by A. A. Matin
What was the most mind blowing moment in the original Star Wars Trilogy? Was it the first time we saw a light saber Was it Vader killing the Emperor? Was it Luke training with Yoda? Was it Leia in a metal bikini? No, it was none of these. When I tell you what I think – I doubt you will disagree. But first let me give a little backstory. Star Wars was inspired by Saturday Morning Serials. These would be a short feature, typically about 20 minutes, that was a chapter of a longer story. They screened once a week on Saturday mornings in a local movie theater. The entire story would be about 10-15 Chapters.
Lucas said that you would inevitably come in the middle of a serial and not know what happened before. That is part of the reason why the first movie is “Episode IV.” When thinking about serials, he remembered two types. One was the space opera type – which became Star Wars. The other was the swashbuckler adventure type. This became the Indiana Jones films. Now I will go on a slight diversion about Indiana Jones (don’t worry, it is all pertinent). I have always been a film geek. Even in elementary school I had consciously thought, “You know Spielberg and Lucas make similar films. They should work together.” I didn’t know that they were already friends.
Then one day I was watching TV. White text over black saying “Jaws. 1975” appeared on screen and grows. Then “Star Wars. 1977”. Followed by “Close Encounters of the Third Kind 1977”, and “Empire Strikes Back 1980”. The narrator says that the two biggest names in Motion Pictures are teaming up. I thought, “Awesome!” What followed was a lot of fast cutting of the action beats in Raiders. At one point I thought, “Hey, is that Harrison Ford?” but it was moving so fast I couldn’t tell. Then the trailer ended with a classic shot from the Truck Chase. Looking down the hood of the truck, Indy is holding on to the Mercedes Benz hood ornament. It slowly bends backwards and then breaks off and Indy falls out of frame. At that point the commercial cut to black and was over.
At that moment my mind exploded. Grey matter was splattered all over my parents’ living room. I squealed, “OH MY GOD! I HAVE TO SEE THIS MOVIE RIGHT NOW!” I had to see how Indiana Jones got out of that predicament. It was a perfect example of the Cliffhanger that was the lifeblood of the serials that inspired the film. Each chapter of a Serial would end with a Cliffhanger. We all know what they are. But think about the term. The hero would be hanging off the edge a Cliff about to die (or some other similar peril). And you had to come back next week to see how he would get out of it.
And that was the greatest moment in the original Star Wars Trilogy. The end of The Empire Strikes Back when Vader says, “No, I am your father!” That is when collectively all of our minds exploded all over movie theaters around the world. It was and still is one of the greatest shocks and twists in movie history. The great part of that age was that people were respectful of it. No one was blogging about the secrets the next day. I saw Empire Strikes Back after it had been in theaters for a month. No one told me about the end or even hinted at it. And the question of whether Vader was being honest was buffeted by the fact that Han Solo was frozen in Carbonite. You just knew that his friends were going to have to rescue him. But how?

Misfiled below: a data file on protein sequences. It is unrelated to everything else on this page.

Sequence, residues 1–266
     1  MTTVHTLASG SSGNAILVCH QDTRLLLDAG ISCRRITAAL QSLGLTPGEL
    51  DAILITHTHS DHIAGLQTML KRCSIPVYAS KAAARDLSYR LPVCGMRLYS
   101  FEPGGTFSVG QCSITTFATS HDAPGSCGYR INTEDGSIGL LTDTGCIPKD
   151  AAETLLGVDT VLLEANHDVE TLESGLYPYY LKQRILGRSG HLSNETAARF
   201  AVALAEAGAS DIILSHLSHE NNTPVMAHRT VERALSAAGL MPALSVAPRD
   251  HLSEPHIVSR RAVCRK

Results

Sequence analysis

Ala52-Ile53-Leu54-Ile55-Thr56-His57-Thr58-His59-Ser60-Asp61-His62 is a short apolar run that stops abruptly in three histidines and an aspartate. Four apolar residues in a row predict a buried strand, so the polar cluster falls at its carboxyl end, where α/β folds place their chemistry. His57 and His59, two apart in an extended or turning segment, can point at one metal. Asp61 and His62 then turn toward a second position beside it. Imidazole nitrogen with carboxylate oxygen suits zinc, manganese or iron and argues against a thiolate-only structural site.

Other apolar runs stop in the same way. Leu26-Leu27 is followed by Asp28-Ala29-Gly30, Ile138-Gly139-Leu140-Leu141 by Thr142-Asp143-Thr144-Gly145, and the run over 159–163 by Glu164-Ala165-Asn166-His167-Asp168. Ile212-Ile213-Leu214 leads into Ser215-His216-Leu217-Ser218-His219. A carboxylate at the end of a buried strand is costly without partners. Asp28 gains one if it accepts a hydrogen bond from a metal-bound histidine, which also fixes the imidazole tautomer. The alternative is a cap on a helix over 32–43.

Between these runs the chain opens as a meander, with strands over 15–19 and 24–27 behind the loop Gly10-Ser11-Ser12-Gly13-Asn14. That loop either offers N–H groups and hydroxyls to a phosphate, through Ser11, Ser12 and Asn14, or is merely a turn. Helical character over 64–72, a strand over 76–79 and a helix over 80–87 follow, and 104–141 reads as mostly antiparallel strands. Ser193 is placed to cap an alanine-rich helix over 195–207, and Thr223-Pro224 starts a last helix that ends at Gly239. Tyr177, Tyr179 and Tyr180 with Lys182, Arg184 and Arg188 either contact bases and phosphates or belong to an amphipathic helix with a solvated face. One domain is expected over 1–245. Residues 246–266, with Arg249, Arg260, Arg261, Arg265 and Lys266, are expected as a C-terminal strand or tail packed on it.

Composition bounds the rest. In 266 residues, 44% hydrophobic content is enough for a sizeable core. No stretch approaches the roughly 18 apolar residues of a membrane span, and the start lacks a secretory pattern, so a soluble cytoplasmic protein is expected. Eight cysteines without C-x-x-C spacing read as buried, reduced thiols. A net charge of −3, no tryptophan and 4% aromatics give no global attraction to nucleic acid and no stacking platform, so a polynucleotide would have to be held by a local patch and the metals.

To me that was the reason why the prequel trilogy sucked. It wasn’t the wooden acting. It wasn’t the digital sets. We all would have forgiven them if we had that one moment where our minds were truly blown away and we were given a reason to want to come back and see the continuation of the story. The last set of films forgot their roots in the serials. Episode I ended in a neat little bow. Episode II did have some questions. Like who was Master Sipho-Dyas that commissioned the Kaminoans to create the Clone Army and where did he get the money. But this felt more like bad screenwriting than a question that demanded an answer. (and ultimately was never answered). George got lazy because he knew he had a built in audience who would come back for Parts II and III.
The reason I have hope is because J.J. Abrams comes from Television. TV is the evolution of the Saturday Morning Serials. Most TV shows are a serialized dramatic story told in 12-23 episodes. Usually, the end of an episode will dangle a carrot or end on a cliffhanger moment to get you to tune in next week. I hope Abrams brought some of this mentality to the movie. Business decisions are often made from a place of fear. It feels less risky to spend money on a concept or formula that has already shown itself to be successful. Movies that truly shock and surprise us are few and far between. We are so used to seeing the same tropes recycled time and again that when a film really pulls the rug out from under us – people always enjoy it. Citizen Kane, Psycho, The Empire Strikes Back, Pulp Fiction, American Beauty, The Sixth Sense, and Captain America: The Winter Soldier were all films that shocked us out of complacency. There is a reason they are considered classics. And if we are lucky we will be able to say the same about Star Wars: Episode VII – The Force Awakens.